Germany invades the Soviet Union in June, violating the nonaggression pact it had signed two years earlier and creating an Eastern front to the war in Europe. On December 7, Japan bombs Pearl Harbor, forcing the U.S. into World War II. (Above, FDR signs war declaration.)

[ILLUSTRATION OMITTED]

1942

'The Final Solution'

Germany implements its plan for the mass extermination of Jews in Europe. By the war's end, 6 million Jews (and millions of other "undesirables," like homosexuals and the disabled) have been systematically murdered.

[ILLUSTRATION OMITTED]

1942

Japanese in U.S.

President Roosevelt authorizes the internment of 120,000 Japanese-Americans, worried that they might act as spies or saboteurs for Japan. The camps are dismantled in 1944.

[ILLUSTRATION OMITTED]

1944

D-Day

On June 6, 1944, Allied troops land on the beaches of Normandy in France to invade German-occupied Europe. Two months later, Paris is liberated.

[ILLUSTRATION OMITTED]

1945

German Surrender & the Cold War

After Soviet and allied forces capture Berlin, Germany surrenders on May 7, ending World War II in Europe. The Soviet Union and the U.S. and its allies divide Berlin, setting the stage for the 45-year Cold War between the Communist Soviet Union and the U.S.-led West.

[ILLUSTRATION OMITTED]

1945

The Atom Bomb

In early August, the U.S. drops atomic bombs on Hiroshima and Nagasaki to force the end of WWII in the Pacific. More than 200,000 Japanese die from the bombs and their effects. Japan surrenders on August 15.

[ILLUSTRATION OMITTED]

CRITICAL THINKING

Locate Hawaii and Pearl Harbor on the world map that accompanies the article.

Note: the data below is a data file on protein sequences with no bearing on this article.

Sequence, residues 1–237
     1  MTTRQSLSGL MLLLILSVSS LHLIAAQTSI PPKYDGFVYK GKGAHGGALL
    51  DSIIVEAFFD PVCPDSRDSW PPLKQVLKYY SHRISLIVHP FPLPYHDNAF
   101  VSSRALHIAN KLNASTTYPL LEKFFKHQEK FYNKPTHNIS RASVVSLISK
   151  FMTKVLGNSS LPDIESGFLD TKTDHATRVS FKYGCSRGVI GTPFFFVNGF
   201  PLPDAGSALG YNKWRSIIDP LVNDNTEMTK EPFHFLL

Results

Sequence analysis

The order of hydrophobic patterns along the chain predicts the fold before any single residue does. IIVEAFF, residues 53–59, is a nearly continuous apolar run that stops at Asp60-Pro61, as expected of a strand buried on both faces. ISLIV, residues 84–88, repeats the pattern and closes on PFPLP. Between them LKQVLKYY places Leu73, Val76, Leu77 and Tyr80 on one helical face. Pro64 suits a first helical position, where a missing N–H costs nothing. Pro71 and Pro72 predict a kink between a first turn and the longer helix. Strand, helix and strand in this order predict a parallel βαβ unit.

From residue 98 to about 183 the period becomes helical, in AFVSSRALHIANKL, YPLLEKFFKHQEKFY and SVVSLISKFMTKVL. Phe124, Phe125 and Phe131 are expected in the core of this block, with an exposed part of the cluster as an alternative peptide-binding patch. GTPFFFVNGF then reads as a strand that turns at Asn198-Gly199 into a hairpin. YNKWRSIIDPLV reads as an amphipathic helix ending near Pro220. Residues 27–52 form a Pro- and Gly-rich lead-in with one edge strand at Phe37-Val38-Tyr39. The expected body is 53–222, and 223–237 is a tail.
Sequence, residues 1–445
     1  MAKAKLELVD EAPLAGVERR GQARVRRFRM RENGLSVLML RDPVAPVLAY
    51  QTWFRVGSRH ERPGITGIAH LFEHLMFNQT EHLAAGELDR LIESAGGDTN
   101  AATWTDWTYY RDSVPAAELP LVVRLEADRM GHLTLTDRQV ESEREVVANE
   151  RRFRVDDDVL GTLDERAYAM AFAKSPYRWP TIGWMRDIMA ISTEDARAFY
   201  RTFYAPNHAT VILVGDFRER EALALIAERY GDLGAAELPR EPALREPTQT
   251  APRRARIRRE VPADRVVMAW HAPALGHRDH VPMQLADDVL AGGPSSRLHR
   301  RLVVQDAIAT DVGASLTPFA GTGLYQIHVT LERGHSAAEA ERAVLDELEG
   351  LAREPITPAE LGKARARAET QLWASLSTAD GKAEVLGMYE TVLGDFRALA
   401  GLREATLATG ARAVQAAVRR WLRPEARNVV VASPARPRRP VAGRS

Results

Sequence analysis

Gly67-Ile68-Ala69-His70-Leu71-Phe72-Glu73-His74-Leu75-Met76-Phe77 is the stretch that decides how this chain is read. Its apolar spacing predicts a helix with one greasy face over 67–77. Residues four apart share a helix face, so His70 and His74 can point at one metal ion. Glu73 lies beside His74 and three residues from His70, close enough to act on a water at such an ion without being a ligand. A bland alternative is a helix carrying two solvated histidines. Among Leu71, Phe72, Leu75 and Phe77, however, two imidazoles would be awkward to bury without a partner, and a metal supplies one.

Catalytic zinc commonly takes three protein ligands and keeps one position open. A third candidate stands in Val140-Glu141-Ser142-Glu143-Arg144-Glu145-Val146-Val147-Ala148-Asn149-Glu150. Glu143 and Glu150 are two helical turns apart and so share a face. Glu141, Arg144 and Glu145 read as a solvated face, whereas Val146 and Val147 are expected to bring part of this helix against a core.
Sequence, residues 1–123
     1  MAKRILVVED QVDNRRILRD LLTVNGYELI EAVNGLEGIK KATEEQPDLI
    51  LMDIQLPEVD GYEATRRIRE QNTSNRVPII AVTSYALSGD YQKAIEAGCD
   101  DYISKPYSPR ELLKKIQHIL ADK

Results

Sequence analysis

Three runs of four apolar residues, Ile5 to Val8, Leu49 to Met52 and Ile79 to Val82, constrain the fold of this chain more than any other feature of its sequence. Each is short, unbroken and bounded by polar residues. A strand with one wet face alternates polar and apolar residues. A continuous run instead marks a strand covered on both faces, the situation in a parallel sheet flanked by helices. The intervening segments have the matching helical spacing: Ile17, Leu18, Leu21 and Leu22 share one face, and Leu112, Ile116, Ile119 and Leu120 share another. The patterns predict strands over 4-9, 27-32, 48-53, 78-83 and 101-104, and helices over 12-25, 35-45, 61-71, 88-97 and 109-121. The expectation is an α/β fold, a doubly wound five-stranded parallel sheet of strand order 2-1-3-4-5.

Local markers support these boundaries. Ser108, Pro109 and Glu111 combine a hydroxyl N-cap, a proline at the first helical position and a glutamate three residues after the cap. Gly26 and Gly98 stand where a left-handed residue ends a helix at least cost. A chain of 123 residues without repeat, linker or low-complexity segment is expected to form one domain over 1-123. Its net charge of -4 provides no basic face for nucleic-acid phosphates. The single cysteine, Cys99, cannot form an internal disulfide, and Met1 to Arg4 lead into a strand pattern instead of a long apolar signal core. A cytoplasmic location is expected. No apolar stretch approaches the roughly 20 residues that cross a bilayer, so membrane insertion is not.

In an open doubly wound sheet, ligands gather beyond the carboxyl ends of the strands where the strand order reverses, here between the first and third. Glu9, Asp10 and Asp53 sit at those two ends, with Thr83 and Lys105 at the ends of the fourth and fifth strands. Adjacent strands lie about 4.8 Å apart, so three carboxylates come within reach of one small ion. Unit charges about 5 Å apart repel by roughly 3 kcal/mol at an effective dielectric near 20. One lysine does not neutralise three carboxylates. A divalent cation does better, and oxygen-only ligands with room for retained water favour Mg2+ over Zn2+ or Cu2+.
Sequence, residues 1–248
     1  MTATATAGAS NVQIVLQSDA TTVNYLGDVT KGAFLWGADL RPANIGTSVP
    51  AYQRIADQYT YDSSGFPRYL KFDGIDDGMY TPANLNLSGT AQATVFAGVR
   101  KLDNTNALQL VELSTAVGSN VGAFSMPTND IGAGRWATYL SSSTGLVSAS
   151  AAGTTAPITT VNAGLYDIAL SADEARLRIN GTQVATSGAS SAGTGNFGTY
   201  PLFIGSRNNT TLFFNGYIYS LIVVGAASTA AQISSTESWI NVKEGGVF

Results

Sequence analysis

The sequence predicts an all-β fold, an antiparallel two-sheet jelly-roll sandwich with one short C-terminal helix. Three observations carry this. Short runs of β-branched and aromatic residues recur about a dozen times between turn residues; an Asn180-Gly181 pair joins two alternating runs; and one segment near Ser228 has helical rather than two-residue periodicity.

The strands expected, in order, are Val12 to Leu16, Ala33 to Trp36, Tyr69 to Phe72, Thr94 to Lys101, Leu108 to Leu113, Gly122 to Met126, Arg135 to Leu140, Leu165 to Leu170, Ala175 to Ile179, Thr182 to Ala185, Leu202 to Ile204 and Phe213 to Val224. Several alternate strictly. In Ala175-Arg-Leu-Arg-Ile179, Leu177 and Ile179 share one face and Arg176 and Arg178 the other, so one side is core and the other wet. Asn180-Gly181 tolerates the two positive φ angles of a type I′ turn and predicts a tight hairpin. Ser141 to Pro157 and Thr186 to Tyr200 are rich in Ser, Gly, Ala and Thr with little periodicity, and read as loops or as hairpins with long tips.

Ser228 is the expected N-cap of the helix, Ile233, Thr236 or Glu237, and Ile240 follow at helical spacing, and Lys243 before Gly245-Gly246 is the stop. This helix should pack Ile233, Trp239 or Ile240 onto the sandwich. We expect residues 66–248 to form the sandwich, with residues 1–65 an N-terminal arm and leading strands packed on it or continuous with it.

* The U.S. first constructed a naval base at Pearl Harbor at the beginning of the 20th century. Does the selection of this site make sense to you? Explain.

* In February 1941, the U.S. greatly increased the number of warships stationed at Pearl Harbor. What do you think precipitated this decision?

* Why do you think Japan targeted Pearl Harbor in 1741? What might it have hoped to accomplish by attacking this base?

WRITING PROMPT

Write an essay comparing and contrasting the bombing of Pearl Harbor with the 9/11 attacks. Be sure to address the immediate consequences of each attack, America's responses, and the impacts on the rest of the world.

DEBATE

Support or refute: The U.S. should have entered World War II in the late 1930s, when Hitler-led Germany began invading its European neighbors.

DISCUSSION QUESTIONS

Do you think the U.S. should have been better prepared for the attack on Pearl Harbor? Explain.

Why were many Americans resistant to entering World War II before the Japanese attack?

After the Pearl Harbor attack, was distrust of Japanese-Americans inevitable? Could the U.S. have addressed its fears without mistreating Japanese-Americans? Explain.

What, in your view, are Legitimate reasons for a nation to go to war?

FAST FACTS